Emotional intelligence as a secret weapon

Mounira Latrache, New ways to work through mindfulness

Ashtanga Vinyasa Flow Yoga Teacher      Mindfulness Meditation Teacher – Bachelor in Public Relations & Corporate Communications – Diploma in Sociology – Systemic Business Coach

Currently on Google/YouTube Space Berlin lead
As a Search-Inside-Yourself-Teacher she has been teaching her employer Google a quite new approach since 2012, which is becoming more and more popular in the business world: “Mindfulness in Business” is an attentive cooperation and also deals with emotional intelligence in her seminars.

Why is emotional intelligence considered a secret weapon in professional life, Mounira Latrache

The topic of emotional intelligence is increasingly establishing itself in business and requires new skills. Mounira Latrache explains in quick succession what it is all about.

More attentiveness at work, please!

The topic Mindfulness is on everyone’s lips and is discussed in numerous guidebooks. The decisive point to learn is to consciously perceive oneself as well as one’s own environment. This also includes the workplace, as it is part of everyday life for most people and usually takes up half of an active day. Now also the economy has recognized the topic and new questions arise: What is important so that we can feel comfortable and develop at work? What competencies does a manager actually need who is confronted with the diverse demands of a fast-moving world?

Mounira Latrache has the following answers to the question of how we can concentrate on ourselves in a new way in an overcrowded working world, without losing sight of the world around us and sinking into stress.

What exactly is behind these seminars on “Mindfulness in Business”?

“Search Inside Yourself is an executive training and deals with skills around dealing with our world of thoughts, our emotions and the people who surround us. The course is about using mindfulness techniques to navigate our personal possibilities and challenges with more resilience, commitment and happiness. What I personally find exciting about it is that we can clearly strengthen our compassion for others. In technical jargon this is called “Compassionate Leadership” – from ME to WE. We can also see that this topic is becoming more and more important from the fact that the “Institute for Compassionate Leadership” was recently founded in Stanford.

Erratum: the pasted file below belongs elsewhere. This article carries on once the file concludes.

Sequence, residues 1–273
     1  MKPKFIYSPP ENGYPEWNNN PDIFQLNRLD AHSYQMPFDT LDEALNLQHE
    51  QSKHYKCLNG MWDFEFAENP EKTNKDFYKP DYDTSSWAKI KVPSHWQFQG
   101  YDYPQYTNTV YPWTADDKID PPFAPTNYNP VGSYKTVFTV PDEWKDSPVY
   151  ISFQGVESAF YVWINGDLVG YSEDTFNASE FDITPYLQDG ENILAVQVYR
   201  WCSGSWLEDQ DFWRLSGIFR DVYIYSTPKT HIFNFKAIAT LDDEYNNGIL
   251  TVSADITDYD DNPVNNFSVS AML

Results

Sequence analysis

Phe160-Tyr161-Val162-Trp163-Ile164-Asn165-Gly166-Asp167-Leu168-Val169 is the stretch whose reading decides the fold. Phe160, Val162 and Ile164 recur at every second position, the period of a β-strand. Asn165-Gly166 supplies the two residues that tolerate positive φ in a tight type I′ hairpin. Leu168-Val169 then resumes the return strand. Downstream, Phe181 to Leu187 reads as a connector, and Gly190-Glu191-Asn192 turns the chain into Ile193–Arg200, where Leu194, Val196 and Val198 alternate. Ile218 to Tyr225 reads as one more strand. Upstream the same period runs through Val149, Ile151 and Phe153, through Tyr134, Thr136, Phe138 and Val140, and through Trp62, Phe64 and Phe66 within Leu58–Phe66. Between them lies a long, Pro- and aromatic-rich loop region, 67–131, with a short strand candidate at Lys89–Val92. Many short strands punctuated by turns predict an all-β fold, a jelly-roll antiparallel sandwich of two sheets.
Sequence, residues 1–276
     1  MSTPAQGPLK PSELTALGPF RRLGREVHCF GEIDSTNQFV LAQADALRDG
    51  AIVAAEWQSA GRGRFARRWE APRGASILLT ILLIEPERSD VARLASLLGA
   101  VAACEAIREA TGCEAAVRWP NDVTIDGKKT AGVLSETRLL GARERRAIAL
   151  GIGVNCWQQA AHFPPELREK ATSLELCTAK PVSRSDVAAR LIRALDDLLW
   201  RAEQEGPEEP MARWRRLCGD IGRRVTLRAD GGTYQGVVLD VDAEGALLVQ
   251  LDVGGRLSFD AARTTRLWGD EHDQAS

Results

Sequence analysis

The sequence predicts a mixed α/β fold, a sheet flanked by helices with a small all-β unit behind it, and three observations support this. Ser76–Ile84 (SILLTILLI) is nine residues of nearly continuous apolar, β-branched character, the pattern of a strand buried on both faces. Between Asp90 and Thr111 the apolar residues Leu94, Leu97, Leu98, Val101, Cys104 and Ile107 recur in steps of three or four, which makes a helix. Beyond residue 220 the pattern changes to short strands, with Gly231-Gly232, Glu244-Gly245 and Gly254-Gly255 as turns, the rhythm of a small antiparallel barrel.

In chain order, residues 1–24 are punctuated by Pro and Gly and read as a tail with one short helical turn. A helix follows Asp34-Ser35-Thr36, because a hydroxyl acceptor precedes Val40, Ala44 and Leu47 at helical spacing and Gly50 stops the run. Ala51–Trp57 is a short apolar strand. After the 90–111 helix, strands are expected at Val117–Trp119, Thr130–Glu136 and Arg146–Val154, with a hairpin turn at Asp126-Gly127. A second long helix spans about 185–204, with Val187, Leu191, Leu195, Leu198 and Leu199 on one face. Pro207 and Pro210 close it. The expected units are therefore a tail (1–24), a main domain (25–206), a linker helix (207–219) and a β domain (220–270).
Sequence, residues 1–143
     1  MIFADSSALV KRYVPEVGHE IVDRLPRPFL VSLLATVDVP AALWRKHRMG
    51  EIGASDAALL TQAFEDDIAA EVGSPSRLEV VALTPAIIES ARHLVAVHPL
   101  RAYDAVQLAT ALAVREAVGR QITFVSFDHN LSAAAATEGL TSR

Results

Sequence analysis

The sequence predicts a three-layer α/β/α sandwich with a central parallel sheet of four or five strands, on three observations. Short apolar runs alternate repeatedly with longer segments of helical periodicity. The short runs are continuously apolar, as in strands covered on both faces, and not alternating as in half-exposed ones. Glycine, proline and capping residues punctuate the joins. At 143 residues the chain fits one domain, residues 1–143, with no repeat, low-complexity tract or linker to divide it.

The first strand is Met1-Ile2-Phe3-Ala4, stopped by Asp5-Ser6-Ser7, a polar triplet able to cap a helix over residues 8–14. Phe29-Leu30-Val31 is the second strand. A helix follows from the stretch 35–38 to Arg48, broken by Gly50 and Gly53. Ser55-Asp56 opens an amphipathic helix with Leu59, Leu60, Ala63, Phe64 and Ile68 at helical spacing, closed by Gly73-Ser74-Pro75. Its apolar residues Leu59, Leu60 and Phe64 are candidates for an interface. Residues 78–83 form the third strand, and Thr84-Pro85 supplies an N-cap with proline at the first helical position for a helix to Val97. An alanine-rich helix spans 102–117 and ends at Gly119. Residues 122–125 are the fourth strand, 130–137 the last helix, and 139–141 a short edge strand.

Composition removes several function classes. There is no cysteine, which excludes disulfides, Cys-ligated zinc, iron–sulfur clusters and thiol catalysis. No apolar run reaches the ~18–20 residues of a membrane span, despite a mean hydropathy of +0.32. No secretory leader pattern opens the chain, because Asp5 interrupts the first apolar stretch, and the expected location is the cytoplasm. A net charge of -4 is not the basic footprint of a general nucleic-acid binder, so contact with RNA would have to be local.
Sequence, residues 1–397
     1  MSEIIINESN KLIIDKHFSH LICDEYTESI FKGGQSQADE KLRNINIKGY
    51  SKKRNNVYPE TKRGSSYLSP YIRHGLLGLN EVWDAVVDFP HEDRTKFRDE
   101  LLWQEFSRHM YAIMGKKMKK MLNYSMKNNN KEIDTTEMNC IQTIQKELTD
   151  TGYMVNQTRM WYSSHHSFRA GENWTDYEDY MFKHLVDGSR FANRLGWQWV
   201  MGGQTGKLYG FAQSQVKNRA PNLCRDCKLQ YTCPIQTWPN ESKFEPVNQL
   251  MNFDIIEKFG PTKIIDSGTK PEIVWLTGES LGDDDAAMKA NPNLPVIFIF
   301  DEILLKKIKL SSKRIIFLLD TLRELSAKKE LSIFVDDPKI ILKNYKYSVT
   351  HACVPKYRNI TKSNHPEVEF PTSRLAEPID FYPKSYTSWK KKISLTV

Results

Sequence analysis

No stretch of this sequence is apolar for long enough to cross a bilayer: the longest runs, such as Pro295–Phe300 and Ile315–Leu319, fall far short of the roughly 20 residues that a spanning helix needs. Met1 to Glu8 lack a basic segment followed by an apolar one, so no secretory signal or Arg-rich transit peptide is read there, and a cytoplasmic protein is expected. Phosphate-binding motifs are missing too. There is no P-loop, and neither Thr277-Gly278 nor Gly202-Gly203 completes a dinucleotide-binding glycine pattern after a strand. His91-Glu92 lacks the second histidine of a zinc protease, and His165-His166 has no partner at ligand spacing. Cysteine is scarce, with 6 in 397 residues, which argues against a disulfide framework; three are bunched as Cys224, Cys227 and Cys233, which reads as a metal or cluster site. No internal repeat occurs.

A study by Gallup from 2013 shows that 70 percent of all employees at their workplace are not fully involved. A frighteningly high figure, I think, but what impact does it have on personal and professional success?

“This figure is indeed frighteningly high. Being real at the moment gives a completely different quality to what we do. Personally, I have found a whole new way to work: much more focused, concentrated and at the same time more fun. But I also notice faster when I’m stressed and need a break. The way I meet others has also changed. I take a closer look at the well-being of my team and make sure that they lead a happy life. This inevitably has a positive effect on my private life.

Although the number from the study is very high, it could be reduced significantly with very little effort. After all, there are many ways to combine the seemingly contradictory aspects of “mindfulness” and “everyday working life”: Starting with a conscious breath during the day, an attentive walk or lunch. Being mindful can also mean being fully involved and not being distracted when writing an email. It has been scientifically proven that improvements in work quality are noticeable after only ten minutes of mindfulness practice a day. To pay attention consciously to it is worthwhile itself. The question about the effects in open-plan offices remains open, but must be answered in the future.

To what extent is mindfulness related to leadership skills?

“Nowadays, when we think of outstanding managers, social skills are more important to us than knowledge or professional competence. The US-American science journalist Daniel Goleman describes in his book “Working with Emotional Intelligence” and in innumerable studies that outstanding executives demonstrate a combination of IQ and EQ (emotional intelligence). Emotional intelligence encompasses two aspects of intelligence: the ability to reflect on one’s goals, values and behavior, and the ability to understand the behavior and feelings of others.